“People who want a cure, provided they can have it without pain, are like those who favour progress, provided they can have it without change.”
~ Anthony de Mello
So, here I am, still in hospital.
There have been a few little bumps in the road, including a massive resurgence of lyme symptoms and herxing, post-operation, as I was filled with what seemed like enough antibiotics and other drugs to treat an entire small pox-ridden and hurting country. My poor body has endured a bit of a rough ride. I’m bruised and bloated and scarred and bandaged. Wings of my hair have literally gone white overnight. It’s oddly fascinating.
As well as my four-hour surgery, I have needed to deal with unexpected bladder problems and surgery, lyme-induced loss of vision in my left eye, loss of balance, light sensitivity, bone and nerve pain, raging insomnia and terrible constipation and nausea from my pain meds.
And still, my doctors are pleased with my progress and I am healing well.
Between the pain, the constant intrusion of nurses doing observations, and the insomnia, that’s a lot of time awake. That’s a lot of time unable to be filled with television or books or iPad games or writing thanks to my dodgy eye. (I am writing this with a 200% screen magnification and one eye resolutely screwed closed. It’s taken me about fifteen spurts of energy and then rests to get all of this written; not my usual efficiency – but these are unusual circumstances.)
What can you do when you are in pain and unable to use external distractions? When you want to be able to work on your book but you can’t see to read the words?
I can happily report that I have spent most of the past eight days back in the Kimberley, with my Aboriginal Aunties. Using my imagination and memories as a portal I have returned again and again to the places and people so dear to me, and that form the backbone of my memoir.
I have sat with the late night silence and the loneliness, and spun them into a ladder to elevate me beyond my pain.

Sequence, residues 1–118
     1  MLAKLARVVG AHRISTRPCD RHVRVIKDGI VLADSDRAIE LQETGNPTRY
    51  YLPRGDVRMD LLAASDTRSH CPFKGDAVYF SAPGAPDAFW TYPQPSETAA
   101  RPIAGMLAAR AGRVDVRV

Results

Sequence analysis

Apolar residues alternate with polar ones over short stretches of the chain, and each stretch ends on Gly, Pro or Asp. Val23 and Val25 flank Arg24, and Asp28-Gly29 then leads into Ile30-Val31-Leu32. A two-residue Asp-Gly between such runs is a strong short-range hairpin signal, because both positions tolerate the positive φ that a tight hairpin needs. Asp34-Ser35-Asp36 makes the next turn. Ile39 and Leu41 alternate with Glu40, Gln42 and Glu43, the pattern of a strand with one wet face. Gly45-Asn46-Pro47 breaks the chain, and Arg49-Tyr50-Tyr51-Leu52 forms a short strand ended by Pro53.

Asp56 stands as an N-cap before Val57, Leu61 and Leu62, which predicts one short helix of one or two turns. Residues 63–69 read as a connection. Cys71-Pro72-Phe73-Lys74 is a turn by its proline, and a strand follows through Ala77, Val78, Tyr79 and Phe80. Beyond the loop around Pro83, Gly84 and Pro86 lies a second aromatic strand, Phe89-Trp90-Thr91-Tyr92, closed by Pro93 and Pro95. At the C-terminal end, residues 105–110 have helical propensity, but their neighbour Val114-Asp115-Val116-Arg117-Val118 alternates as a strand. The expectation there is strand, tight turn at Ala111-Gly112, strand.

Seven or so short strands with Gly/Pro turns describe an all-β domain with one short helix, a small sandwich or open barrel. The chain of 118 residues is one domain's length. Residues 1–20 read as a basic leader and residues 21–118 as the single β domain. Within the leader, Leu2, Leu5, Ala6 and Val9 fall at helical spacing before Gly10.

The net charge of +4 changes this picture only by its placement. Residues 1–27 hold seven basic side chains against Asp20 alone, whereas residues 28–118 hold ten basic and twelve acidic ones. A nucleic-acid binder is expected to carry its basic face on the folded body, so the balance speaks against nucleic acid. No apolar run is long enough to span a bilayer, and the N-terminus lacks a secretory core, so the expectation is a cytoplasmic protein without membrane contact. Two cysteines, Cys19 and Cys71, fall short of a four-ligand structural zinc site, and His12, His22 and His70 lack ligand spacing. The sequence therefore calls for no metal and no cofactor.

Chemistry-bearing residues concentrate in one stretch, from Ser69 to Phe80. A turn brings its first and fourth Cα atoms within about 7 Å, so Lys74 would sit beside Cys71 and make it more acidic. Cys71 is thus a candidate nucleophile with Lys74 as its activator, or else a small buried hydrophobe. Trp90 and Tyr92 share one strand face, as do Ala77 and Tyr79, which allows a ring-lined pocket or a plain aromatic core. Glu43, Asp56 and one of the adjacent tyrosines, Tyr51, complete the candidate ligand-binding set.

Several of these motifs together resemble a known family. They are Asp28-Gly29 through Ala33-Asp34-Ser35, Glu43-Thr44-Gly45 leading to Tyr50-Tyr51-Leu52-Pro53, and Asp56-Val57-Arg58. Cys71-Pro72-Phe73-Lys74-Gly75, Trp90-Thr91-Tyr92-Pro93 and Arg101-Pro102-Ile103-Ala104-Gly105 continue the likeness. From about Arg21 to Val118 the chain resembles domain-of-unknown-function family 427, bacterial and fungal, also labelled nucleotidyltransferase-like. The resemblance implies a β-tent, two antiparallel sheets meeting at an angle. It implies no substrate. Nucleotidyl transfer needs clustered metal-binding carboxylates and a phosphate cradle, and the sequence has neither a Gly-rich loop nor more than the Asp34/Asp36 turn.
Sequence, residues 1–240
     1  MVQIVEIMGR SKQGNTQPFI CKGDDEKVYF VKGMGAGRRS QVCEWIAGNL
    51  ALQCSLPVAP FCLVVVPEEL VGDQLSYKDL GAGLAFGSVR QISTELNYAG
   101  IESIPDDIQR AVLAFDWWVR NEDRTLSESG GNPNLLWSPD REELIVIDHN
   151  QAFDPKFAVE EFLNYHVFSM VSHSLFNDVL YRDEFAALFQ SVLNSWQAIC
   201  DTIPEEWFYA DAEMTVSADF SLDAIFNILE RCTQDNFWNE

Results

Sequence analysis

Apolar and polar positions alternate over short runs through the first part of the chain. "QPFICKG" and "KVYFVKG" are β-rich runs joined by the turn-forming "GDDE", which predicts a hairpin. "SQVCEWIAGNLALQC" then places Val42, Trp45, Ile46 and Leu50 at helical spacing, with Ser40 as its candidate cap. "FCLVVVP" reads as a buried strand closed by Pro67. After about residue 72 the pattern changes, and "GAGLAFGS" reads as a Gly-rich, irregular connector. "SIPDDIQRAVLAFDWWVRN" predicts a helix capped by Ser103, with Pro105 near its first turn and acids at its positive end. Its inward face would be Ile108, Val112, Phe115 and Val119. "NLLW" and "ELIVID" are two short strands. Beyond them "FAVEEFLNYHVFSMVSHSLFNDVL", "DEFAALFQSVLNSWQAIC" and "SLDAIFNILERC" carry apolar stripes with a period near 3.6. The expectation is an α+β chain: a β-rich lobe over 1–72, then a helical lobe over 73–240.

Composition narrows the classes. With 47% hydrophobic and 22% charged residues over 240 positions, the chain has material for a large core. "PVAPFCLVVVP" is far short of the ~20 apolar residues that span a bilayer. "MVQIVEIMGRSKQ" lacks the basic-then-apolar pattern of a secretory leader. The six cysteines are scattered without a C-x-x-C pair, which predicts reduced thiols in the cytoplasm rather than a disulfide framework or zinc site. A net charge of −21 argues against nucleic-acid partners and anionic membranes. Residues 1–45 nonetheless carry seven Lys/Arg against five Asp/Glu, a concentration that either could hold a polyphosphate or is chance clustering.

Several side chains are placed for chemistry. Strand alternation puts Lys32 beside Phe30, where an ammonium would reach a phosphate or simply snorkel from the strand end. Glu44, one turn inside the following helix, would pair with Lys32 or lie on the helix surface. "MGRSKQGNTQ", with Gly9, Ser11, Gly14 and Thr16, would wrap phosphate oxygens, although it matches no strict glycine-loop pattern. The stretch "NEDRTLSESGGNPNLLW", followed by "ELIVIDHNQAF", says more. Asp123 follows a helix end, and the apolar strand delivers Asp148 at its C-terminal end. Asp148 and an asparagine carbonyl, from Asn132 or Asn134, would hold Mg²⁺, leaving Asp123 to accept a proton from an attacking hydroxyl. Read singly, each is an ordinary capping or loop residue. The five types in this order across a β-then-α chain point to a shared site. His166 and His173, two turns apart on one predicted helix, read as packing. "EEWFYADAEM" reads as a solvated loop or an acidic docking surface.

I have practiced deep listening.
I have meditated, and I have prayed.
I’ve also time-travelled back into myself. The hours between eleven pm and four am seem well-suited to reflection and analysis of my life. I’ve dug deep into places I had long covered over. What did I really feel? Why did I really make one choice over another? What emotions were in my body? Where was my head? I’ve strung the answers like beads on a mala, knowing that as I hold each one when I am able to come back to my writing I will remember, and that this new understanding will better inform my work. I’ve come to a more honest place. A kinder place. There has been much forgiveness this past week, of myself and others. My stay in hospital has gifted me clarity, and a way forward, finally, to be able to finish this book of mine, and get it ready to send out into the world.
The other thing I have done is gather life stories and vignettes; stories about the nurses and their lives, stories from cleaners and room service tray attendants, from the other patients who are limping slow laps of the ward as they push their drip stands or lug their wound drainage bags and catheter bags, tales from ward orderlies and the lady who brings the morning newspapers. People are endlessly fascinating to me, and their shared stories remind me that we are so alike in our differing journeys and struggles.
For we all face struggles. That is the nature of life. If it’s not one thing, it’s something else.
Even so, it’s a beautiful journey, life. I’m very grateful for mine.
Things will be back to normal, little by little, here on the blog and in my everyday world. I’m okay with things needing to be slow. Slow is all I can do for now.
I’ll swing by here again just as soon as I’m able.
Hugs and love, Nicole ❤ xx